Falling Asleep While Breastfeeding
By Lyn Mettler
At its most basic, breastfeeding provides your baby with food, but many mothers find that it also provides their babies with a sense of comfort and calm. Many babies relax so much that they drift off to sleep.
Nancy Hogshead-Makar, a 39-year-old mother from Jacksonville, Fla., found breastfeeding did just that for her son Aaron. “I find breast milk to be ‘knockout juice,’” she says. “Breastfeeding calms Aaron down. When he’s a little disorganized or fussy, five minutes at the breast will return him to his usual happy self, ready to play.” She looks at breastfeeding as Aaron’s little Zen meditation time.
The Perfect Sleep Aid
Many babies relax so much that they drift off to sleep.
“It’s a very soothing experience for the baby to feel the warmth of his or her Mom, to hear Mom’s heartbeat, to be nourished, etc. This is the perfect environment to fall asleep in,” says Sandra Samberg, of New York City, mother of two, pediatric nurse practitioner and author of BABY -C Book: For the ABC’s of Keeping Your Baby Healthy and Happy.
But many experts caution that allowing your baby to fall asleep while breastfeeding might not be a good idea. In fact, the American Academy of Pediatrics in their book Guide to Your Child’s Sleep says that it is a bad habit to develop and can keep parents and baby from getting a good night’s sleep.
“If a baby routinely falls asleep while breastfeeding, he or she begins to associate falling asleep with nursing,” Samberg says. “Therefore, if the baby wakes up in the middle of the night and is in that half-awake or half-asleep state, it’s likely that he or she will need to breastfeed in order to fall back to sleep.” As the baby gets older, she says, the feedings are less needed for nutrition and are more out of habit. “Unfortunately, this habit becomes more difficult to break as the baby gets older and more used to falling asleep while nursing,” she explains.
However, Sheila Kitzinger, author of “Breastfeeding Your Baby,” feels that falling asleep at the breast is natural and should not be discouraged. “All over the world, in countries like Africa and India, where breastfeeding is more successful than in Western cultures, babies fall asleep at the breast when they’re satisfied,” she says. “When a baby’s head gets heavy and she drops off the nipple with a dazed expression on her face, a mother knows she has had enough. Otherwise you cannot be sure.”
The only disadvantage Kitzinger finds to allowing babies to fall asleep at the breast is that it may slow moms down and keep them from doing something else. She cautions though, “Breastfeeding a baby gives a lesson in patience, and in trusting the baby’s rhythms instead of superimposing a timetable.”
A Hard Habit to Break?
Samantha Fewox, of Houston, Texas, allowed her now 2-year-old son Collin to fall asleep while nursing. “Just because he fell asleep every now and then, didn’t create a habit,” she says. “He didn’t always need to be fed to fall asleep. Somehow it all seemed to work out.”
Dr. Bennett Kaye, assistant professor of clinical pediatrics at Northwestern University Medical School in Chicago, Ill., agrees. “There will be a lot of babies who will continue to fall asleep at the breast and not have sleep problems,” he said. Deciding whether or not to allow babies to fall asleep while nursing depends on individual circumstances such as the baby’s sleeping patterns and the baby’s age. Kaye feels that sleeping at the breast is fine for those with no sleep problems and for babies less than 2 months old. But, if a baby is beyond the age of three or four months and having difficulty sleeping through the night, mothers might want to avoid making it a habit.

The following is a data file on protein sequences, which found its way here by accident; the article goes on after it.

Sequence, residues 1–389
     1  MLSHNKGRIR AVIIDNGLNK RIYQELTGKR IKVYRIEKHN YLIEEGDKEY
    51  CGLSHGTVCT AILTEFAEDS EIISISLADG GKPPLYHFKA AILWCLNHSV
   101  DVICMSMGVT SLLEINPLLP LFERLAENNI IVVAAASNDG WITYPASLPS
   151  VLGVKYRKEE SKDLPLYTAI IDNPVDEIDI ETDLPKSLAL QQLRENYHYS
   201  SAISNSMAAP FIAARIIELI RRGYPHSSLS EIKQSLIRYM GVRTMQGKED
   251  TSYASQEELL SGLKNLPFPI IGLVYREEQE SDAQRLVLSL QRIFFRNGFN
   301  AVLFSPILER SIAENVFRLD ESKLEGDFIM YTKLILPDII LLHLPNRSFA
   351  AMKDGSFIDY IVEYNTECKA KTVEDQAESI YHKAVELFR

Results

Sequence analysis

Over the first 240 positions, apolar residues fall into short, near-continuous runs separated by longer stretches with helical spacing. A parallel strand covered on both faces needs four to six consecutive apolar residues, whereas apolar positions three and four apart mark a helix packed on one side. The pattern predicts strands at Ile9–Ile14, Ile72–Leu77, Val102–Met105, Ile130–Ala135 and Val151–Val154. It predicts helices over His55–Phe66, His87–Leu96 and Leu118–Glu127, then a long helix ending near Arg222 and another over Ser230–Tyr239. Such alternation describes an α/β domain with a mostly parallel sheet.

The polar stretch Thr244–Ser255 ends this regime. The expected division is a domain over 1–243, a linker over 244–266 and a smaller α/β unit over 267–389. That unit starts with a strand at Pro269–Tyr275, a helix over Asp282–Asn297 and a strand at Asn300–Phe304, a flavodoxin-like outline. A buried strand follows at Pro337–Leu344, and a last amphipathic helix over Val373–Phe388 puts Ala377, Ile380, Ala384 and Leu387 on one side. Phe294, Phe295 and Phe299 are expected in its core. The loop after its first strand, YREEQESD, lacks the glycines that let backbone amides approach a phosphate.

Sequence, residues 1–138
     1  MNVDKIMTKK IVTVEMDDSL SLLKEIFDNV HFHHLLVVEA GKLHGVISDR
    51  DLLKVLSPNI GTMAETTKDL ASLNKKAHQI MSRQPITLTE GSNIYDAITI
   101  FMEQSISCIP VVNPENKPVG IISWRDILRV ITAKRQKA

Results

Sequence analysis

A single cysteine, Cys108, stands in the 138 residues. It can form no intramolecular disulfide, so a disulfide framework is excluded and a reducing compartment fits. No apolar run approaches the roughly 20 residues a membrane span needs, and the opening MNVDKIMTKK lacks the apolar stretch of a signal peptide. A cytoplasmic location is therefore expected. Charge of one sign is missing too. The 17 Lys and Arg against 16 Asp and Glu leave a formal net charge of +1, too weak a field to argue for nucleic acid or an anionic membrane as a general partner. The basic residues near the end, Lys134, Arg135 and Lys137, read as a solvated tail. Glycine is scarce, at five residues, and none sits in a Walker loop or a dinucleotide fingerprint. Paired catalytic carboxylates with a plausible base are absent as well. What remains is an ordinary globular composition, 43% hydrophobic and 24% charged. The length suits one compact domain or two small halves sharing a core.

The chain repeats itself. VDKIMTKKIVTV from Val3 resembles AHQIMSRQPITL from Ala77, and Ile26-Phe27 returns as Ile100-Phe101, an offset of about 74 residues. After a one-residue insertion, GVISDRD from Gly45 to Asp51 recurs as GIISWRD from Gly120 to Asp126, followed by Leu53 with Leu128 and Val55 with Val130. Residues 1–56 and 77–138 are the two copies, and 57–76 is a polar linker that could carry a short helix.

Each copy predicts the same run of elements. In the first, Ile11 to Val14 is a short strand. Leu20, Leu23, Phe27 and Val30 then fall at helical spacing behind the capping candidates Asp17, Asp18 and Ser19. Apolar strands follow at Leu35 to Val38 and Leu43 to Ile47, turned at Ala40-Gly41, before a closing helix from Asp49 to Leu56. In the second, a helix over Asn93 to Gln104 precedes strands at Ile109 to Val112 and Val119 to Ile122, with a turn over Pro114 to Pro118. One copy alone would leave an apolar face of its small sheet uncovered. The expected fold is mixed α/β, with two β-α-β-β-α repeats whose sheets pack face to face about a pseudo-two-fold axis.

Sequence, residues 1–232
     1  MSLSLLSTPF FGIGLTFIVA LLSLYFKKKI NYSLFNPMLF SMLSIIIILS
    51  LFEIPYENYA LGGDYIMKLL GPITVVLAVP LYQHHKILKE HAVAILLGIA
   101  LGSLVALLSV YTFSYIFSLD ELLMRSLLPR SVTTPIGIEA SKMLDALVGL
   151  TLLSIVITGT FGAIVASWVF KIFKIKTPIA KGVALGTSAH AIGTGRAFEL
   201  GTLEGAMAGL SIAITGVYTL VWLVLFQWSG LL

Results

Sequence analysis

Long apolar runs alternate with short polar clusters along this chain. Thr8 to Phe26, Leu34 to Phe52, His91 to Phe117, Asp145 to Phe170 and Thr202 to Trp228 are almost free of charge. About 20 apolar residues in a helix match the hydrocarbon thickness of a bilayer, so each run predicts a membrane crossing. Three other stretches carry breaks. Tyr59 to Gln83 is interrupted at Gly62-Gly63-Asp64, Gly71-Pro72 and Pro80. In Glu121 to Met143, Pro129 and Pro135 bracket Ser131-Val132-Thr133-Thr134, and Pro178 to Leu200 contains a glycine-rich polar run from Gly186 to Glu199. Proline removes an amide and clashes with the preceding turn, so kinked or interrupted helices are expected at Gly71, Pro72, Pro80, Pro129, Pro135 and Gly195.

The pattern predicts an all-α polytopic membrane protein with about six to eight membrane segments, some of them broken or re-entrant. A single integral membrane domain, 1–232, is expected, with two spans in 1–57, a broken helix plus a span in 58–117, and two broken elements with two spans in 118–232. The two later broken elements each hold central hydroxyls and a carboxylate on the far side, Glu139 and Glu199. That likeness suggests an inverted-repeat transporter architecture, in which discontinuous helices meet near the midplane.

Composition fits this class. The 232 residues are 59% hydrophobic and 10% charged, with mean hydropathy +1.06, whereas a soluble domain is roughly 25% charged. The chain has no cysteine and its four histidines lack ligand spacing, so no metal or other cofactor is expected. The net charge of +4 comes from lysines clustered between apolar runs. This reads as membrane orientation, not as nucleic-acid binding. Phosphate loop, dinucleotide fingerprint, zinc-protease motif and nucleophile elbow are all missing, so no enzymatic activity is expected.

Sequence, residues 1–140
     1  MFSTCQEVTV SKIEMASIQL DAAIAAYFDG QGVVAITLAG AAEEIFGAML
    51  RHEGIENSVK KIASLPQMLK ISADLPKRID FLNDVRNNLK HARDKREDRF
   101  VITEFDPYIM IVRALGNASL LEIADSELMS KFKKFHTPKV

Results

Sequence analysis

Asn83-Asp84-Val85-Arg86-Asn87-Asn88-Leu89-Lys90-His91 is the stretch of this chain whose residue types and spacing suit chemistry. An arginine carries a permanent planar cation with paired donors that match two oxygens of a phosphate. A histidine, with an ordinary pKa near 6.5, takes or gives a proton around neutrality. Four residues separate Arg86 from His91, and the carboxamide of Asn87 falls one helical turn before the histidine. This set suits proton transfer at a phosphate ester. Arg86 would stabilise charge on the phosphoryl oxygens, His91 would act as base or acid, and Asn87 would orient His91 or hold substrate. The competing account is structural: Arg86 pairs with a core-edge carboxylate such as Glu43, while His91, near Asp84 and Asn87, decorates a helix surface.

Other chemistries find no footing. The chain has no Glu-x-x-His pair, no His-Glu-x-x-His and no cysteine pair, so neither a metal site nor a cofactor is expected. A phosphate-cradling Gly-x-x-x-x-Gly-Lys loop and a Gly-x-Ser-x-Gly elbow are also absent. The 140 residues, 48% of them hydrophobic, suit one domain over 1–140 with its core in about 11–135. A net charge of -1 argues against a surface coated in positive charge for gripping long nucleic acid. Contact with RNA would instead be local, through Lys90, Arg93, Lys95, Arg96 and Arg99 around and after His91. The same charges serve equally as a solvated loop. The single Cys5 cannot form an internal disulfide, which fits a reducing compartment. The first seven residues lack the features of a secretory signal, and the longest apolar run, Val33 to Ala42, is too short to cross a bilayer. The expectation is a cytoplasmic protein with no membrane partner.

Tips You Can Use
So how do you keep your baby from napping at the breast?
Kaye advises parents to train their babies to fall asleep on their own. Moms should pay careful attention to their babies while nursing, he says, noting any cues that they are about to drift off.
Kitzinger suggests tickling the baby’s feet or changing the diaper to keep the baby awake. The mom should then try to put the baby down before he has fallen asleep.
“This way, the baby learns to put himself or herself to sleep and is then able to do this in the middle of the night,” says Samberg.
If the baby cries when he is put down, Kaye suggests gradually giving him increasing amounts of time to fuss and settle himself. But, if you’re trying to avoid the habit and you’ve found that your baby has dozed off despite your best efforts, Kaye advises moms not to wake him.
Hogshead-Makar found her own system that worked for her and her son. “What I did was let the baby nurse to sleep — there was no stopping him — but then walk a distance before I put him into bed,” she says. “For example, I’d nurse in the sunroom downstairs and then walk up to his bedroom to put him to sleep. That way, he was mildly awake when I actually did put him down. And when he woke up, he didn’t wonder, ‘How did I get here? I’m supposed to be at Mom’s breast.’”
Just like Hogshead-Makar, moms must wade through this issue on their own, finding a pattern and a technique that works best for them. “I think people focus too much on what an ‘expert’ says that they should or should not do and don’t trust their instincts,” Fewox says. “Yes, we all like to hear others’ opinions, but what works for one baby doesn’t always work for another. Moms today need to take the advice they read or hear and tailor it to their own situation.